Ancient History & Civilisation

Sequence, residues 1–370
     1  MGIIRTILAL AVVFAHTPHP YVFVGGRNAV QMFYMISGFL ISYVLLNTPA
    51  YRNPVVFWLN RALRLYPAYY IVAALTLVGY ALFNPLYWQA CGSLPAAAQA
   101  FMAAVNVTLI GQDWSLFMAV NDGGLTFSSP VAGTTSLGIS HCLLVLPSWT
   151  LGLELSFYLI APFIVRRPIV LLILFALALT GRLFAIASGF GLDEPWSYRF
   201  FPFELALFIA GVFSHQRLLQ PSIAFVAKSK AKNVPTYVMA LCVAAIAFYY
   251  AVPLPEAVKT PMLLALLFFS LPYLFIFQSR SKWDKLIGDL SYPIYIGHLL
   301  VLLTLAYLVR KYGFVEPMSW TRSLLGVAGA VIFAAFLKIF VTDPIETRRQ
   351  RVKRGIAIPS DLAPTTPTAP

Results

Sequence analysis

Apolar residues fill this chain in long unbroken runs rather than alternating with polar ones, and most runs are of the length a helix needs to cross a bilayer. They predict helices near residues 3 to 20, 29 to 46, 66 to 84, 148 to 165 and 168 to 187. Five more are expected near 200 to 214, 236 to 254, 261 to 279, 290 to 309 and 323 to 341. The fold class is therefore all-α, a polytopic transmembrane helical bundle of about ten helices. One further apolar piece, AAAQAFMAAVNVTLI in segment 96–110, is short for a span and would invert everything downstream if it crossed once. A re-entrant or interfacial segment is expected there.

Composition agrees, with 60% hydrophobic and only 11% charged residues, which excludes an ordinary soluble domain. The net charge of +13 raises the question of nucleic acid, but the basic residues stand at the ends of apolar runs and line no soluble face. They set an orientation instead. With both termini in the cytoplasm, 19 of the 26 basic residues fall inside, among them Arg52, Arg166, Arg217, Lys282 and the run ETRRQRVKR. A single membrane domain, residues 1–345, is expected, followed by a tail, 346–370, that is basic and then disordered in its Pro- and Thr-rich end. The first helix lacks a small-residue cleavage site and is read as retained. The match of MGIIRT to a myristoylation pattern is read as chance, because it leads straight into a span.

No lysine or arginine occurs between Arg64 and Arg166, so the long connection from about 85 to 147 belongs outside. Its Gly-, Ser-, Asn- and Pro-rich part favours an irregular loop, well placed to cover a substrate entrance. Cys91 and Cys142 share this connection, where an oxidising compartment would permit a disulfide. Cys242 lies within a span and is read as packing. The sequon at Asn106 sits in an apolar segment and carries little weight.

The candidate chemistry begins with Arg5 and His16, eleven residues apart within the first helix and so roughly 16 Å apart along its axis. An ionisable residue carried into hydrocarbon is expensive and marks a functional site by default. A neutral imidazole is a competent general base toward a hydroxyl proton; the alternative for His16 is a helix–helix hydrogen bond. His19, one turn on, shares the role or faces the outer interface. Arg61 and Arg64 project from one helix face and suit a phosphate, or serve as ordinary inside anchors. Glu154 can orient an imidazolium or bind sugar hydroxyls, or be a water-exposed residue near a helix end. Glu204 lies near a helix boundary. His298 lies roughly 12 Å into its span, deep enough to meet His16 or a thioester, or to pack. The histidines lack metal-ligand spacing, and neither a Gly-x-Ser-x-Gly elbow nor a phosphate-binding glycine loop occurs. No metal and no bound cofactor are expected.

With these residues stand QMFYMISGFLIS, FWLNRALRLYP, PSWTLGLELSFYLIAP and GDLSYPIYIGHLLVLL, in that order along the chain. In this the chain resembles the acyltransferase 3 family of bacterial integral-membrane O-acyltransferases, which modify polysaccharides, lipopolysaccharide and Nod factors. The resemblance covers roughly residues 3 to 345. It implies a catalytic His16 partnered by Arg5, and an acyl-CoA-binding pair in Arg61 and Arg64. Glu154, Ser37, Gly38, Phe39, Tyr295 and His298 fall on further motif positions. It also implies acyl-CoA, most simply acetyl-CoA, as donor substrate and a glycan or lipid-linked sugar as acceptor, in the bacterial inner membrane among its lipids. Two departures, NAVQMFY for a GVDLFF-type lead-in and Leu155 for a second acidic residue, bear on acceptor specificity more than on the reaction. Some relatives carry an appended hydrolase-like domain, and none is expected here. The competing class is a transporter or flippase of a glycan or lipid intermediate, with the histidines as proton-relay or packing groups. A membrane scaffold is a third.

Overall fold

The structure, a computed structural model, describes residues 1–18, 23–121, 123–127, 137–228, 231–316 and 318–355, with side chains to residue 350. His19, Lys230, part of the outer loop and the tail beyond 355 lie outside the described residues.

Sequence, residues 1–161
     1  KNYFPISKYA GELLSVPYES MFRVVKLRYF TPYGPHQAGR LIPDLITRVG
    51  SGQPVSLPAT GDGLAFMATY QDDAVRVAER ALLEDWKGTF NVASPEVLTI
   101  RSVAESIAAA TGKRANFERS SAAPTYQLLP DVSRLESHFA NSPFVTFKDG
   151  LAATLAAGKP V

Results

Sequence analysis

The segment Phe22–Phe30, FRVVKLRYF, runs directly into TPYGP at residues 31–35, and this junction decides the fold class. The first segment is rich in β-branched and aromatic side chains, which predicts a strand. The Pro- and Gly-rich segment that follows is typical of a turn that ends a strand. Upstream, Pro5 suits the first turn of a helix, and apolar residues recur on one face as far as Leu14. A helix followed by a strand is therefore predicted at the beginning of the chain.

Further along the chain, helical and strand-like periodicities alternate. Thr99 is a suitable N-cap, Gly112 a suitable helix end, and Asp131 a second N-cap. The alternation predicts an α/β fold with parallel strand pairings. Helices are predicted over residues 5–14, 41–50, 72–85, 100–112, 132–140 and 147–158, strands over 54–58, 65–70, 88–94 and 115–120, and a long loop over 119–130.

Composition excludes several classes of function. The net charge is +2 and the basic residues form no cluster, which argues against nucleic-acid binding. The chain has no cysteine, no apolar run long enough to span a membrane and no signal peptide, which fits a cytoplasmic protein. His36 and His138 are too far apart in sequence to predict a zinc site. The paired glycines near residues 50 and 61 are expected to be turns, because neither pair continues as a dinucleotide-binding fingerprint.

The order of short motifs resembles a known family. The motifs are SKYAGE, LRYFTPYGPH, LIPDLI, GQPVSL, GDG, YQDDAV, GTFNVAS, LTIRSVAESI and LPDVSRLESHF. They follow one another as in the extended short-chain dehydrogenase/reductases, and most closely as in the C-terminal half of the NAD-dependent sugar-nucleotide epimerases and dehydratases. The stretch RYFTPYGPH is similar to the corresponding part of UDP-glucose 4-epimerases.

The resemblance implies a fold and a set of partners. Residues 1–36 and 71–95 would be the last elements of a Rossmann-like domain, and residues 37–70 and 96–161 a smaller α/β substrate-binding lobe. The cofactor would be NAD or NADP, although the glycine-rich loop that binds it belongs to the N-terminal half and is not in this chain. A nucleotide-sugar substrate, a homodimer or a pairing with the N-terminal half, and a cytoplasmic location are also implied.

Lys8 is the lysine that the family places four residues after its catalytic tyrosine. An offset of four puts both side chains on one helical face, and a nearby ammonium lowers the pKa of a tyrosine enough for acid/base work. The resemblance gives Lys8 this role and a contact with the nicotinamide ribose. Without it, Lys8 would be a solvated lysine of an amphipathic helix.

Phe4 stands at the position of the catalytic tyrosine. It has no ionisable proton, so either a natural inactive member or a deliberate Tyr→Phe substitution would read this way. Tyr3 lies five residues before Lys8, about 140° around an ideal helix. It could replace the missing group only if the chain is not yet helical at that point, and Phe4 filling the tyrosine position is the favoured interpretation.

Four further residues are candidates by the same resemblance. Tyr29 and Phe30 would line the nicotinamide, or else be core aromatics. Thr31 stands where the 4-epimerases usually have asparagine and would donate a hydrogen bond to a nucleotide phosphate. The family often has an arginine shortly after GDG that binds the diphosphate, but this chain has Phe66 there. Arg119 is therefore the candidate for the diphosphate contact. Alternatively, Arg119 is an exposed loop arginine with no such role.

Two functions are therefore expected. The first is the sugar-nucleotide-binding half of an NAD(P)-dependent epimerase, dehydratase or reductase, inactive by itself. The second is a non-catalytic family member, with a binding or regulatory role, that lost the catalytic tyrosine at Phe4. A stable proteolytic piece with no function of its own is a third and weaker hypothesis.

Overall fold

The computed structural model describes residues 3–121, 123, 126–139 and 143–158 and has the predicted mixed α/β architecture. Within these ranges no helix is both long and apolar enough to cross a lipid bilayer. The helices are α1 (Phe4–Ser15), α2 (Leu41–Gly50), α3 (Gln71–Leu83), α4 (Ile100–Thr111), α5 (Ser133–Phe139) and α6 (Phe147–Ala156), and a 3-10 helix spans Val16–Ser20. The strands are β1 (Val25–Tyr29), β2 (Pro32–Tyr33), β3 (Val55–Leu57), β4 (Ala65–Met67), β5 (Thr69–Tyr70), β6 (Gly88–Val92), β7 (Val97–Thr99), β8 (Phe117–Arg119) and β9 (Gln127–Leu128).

Notes